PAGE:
And it’s not as though all this empty opulence is actually audio/ visually impressive, it is sad, old, tired and shit – so far from cool and contemporary that it makes me, a 30 year old male, cringe for the young kids. The bad hip hop techno grime swing jazz fusion soundtrack is terrible, and sadly dated with songs like Jay-Z’s Izzo (HOVA) [2001], old Beyoncé stuff and, the epitome of bad hip-pop, the Black Eyed Peas. That said, when (after about 20 minutes) Jay Gatsby (Leonardo DiCaprio [3]) was finally introduced to Nick Carraway (Tobey Maguire) and Luhrmann shamelessly appropriated Gershwin’s Rhapsody in Blue [4] – which, only a filmic heathen, an animator or an egotist with delusions of divinity would use after Woody (Allen) did in Manhattan [1978]. I was personally affronted, and had to leave the room for a few minutes to cool down.


The natural and obvious irony is that making an empty substanceless film about a man that is empty and substanceless; or, just as valid, making a film that is set in the 20s but is pathologically incapable of not flaunting its historical inaccuracies about a man whose own history is inaccurate… but that sort of digressive thinking is giving this film (even though the credit lies in the analysis) too much meaning and I don’t want to attribute any value, whether intentional or not, to this vacuous tribute to excess.

Some may say that one shouldn’t expect more than a celebration of excess from a ‘Baz’ film, a harkening back to days of yore when film ‘spectacle’ was what theorist Tom Gunning refers to as ‘The Cinema of Attractions’, but I feel that sadly ‘Bazza’ is caught up in Guy Debord’s ‘Society of the Spectacle’. I expect the same as I expect from any filmmaker: a good film.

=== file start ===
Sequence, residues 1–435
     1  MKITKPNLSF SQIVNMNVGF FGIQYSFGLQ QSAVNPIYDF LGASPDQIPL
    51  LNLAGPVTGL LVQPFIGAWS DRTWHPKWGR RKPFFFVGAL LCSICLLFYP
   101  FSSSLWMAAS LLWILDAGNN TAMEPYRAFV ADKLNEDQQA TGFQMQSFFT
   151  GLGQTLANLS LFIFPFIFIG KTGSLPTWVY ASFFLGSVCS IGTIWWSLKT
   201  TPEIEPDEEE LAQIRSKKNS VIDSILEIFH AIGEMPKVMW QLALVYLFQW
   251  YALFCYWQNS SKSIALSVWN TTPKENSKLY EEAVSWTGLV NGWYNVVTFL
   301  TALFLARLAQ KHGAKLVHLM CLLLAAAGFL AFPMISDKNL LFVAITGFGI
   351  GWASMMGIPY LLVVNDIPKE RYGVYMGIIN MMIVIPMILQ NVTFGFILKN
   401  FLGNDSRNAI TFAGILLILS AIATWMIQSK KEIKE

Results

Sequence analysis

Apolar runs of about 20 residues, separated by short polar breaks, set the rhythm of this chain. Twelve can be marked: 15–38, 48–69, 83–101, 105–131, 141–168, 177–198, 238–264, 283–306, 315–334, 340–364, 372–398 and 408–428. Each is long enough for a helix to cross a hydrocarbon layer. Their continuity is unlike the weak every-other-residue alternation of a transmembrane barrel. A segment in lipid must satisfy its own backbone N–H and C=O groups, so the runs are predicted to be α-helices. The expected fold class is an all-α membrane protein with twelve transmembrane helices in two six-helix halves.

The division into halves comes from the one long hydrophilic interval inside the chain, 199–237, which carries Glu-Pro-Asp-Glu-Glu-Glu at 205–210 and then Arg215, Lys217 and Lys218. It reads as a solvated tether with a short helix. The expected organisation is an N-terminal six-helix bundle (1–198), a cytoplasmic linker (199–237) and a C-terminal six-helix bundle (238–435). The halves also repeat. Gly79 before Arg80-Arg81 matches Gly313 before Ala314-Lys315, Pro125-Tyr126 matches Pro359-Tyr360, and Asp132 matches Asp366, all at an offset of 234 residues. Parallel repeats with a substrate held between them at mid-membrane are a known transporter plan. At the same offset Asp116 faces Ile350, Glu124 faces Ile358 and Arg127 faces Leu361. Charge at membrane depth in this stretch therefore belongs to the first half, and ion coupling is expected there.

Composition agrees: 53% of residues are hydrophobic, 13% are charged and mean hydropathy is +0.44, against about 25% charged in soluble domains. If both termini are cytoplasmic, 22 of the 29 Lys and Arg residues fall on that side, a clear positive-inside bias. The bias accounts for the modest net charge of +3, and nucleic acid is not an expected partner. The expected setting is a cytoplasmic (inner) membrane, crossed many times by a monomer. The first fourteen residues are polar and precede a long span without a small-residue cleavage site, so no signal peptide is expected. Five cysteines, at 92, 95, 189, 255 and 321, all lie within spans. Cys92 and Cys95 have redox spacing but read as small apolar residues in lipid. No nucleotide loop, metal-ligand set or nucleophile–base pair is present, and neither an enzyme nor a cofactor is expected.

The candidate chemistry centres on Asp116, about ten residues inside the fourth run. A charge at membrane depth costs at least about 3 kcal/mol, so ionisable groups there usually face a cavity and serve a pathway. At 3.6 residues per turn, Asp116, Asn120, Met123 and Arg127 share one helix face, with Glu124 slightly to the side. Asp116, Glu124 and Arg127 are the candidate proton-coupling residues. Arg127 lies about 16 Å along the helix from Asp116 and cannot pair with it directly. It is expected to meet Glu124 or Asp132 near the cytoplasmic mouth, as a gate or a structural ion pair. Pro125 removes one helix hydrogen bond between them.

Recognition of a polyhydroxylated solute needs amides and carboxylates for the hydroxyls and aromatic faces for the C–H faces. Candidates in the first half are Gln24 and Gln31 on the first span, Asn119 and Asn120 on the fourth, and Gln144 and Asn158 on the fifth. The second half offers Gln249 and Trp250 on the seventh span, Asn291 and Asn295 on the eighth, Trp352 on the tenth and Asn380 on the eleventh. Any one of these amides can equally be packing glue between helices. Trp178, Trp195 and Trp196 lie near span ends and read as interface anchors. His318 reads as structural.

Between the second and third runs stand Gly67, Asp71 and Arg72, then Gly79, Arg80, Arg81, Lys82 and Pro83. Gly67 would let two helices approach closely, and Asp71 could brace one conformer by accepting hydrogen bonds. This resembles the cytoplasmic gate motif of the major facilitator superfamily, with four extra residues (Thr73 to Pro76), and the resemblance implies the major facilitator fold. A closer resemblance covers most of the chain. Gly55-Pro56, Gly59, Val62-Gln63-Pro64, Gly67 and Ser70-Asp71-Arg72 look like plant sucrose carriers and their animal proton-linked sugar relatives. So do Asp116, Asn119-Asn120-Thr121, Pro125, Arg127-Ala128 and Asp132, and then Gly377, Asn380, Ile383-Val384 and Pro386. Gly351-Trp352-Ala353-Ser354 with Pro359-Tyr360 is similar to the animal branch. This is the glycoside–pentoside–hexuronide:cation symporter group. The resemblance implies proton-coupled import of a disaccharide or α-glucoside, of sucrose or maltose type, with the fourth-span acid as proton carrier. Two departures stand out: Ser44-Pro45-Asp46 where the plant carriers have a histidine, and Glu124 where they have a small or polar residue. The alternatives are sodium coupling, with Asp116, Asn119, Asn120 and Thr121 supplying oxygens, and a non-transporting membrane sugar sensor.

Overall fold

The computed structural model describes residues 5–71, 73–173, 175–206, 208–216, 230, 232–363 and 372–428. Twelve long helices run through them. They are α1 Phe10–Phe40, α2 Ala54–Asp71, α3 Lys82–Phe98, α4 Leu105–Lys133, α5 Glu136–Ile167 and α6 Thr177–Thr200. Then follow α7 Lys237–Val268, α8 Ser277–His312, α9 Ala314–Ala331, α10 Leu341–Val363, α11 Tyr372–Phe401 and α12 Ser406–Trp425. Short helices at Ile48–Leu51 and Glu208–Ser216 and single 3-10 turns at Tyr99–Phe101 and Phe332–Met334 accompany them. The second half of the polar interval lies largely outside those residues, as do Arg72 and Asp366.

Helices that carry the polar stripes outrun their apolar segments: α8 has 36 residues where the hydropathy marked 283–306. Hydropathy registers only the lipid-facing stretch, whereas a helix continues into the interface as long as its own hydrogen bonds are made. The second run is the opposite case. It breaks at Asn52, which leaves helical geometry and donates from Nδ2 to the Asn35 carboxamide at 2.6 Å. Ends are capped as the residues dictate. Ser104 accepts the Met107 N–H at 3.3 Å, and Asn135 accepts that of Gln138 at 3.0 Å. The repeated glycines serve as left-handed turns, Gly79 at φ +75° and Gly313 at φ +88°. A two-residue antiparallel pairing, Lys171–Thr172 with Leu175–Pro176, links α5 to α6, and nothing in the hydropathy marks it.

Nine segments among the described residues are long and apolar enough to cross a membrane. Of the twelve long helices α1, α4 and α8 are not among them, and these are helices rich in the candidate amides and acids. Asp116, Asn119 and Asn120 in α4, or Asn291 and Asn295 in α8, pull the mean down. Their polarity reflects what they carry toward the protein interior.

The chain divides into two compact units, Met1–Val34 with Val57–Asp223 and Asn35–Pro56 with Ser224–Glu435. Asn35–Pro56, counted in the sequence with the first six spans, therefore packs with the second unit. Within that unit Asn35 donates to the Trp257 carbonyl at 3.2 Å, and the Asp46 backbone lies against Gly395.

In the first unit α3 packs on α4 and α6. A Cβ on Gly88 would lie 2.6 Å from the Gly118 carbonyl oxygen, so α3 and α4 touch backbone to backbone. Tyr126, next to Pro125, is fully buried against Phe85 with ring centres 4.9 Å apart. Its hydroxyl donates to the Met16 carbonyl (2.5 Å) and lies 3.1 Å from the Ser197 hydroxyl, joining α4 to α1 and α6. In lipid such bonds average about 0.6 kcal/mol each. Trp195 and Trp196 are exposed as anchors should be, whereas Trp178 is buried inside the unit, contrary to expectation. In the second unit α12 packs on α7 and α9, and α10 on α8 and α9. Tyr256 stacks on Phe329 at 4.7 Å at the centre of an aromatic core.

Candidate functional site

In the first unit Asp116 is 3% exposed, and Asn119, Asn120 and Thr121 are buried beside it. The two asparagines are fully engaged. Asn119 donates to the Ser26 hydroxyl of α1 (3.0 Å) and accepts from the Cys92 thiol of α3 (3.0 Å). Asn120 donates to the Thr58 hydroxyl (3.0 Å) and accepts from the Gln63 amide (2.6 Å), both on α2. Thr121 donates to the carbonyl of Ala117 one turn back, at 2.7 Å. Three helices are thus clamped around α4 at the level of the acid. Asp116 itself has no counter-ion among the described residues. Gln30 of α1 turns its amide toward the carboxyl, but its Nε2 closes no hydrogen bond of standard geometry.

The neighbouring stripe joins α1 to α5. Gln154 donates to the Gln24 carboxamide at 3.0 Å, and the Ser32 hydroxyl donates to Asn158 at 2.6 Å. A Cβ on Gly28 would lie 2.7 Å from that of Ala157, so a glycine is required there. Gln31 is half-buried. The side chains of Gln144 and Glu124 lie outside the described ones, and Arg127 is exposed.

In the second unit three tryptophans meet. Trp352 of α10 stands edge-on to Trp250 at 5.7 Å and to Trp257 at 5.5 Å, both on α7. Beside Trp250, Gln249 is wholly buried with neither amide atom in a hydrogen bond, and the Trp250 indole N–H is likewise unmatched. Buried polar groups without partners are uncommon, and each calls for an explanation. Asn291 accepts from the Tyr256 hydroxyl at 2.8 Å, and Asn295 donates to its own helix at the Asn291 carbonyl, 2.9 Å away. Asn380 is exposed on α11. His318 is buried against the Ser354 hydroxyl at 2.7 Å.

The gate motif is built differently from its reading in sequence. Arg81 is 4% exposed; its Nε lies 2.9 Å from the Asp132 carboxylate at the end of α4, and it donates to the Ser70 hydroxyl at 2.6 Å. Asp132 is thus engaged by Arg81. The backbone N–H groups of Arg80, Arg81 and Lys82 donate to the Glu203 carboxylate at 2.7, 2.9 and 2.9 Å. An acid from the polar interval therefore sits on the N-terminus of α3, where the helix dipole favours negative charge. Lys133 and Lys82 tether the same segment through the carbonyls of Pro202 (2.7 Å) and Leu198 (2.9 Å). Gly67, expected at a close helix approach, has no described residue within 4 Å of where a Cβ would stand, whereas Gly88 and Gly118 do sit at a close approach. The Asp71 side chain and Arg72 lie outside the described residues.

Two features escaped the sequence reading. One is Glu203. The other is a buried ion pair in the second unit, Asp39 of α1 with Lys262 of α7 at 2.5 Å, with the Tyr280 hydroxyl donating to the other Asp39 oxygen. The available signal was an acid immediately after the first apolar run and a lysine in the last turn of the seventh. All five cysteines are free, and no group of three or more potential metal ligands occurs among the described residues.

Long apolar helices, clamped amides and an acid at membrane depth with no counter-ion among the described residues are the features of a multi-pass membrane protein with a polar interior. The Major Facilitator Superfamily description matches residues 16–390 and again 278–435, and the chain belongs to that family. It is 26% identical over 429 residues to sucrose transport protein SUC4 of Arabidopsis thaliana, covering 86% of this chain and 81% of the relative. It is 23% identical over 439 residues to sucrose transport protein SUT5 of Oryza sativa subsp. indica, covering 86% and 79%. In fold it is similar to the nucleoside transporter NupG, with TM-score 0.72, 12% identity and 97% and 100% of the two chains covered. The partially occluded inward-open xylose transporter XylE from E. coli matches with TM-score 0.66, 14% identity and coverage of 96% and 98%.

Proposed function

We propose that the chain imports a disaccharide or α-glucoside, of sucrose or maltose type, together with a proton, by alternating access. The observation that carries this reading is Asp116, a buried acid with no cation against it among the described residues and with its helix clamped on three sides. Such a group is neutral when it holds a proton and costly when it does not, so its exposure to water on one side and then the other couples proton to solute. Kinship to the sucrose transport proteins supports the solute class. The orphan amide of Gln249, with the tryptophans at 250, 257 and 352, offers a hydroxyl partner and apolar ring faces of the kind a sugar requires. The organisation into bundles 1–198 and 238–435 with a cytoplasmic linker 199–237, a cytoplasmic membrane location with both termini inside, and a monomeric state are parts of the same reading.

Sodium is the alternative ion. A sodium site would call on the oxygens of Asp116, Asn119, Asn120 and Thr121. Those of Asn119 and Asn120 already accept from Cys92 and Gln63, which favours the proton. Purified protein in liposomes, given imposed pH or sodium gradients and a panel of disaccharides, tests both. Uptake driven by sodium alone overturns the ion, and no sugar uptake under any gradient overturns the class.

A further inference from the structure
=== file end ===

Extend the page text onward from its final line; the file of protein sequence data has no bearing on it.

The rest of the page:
Ultimately, what Luhrmann does is manage to take any vestigial resonance that this frankly out-dated, over-rated and arguably no longer particularly relevant story may have once had before the characters, their morals & actions, and the situations fell so far into the past that they became alien to our current condition. He turns it all into meaningless mush – effectively confirming the worst post-modern fears, by making the referent as hollow as the referee.

[1] For the record, in no particular order, my most-hated actors are Toby Maguire, Leonardo DiCaprio, Jim Sturgess, Isla Fisher, Kirsten Dunst, Samuel Johnson, Nicholas Hoult, Meg Ryan, Sandra Bullock, Reese Witherspoon, Sarah –Jessica Parker, Shia LeBeouf, Sam Worthington, etc…Ok I have a lot of hate to give…

[2] And the really early ones like Casshern [2004], Sky Captain and the World of Tomorrow [2004] or the Star Wars prequels (all of which were better films)

[3] Within the first few seconds that he is on screen, whether in credit to Leonardo’s acting or in discredit to it, Gatsby is completely unbelievable and appears to be a total sociopath without a shred of humanity – actually, unless Baz was seriously changing up the main character’s profile, this is a sign of poor filmmaking/ acting.

[4] Incidentally, written in 1924: 2 years after the setting of the film. One of a number of anachronisms, of which imdb picks up only a few – I drafted a couple more in the imdb edit section before realising that I was being both pathetic and a pedant.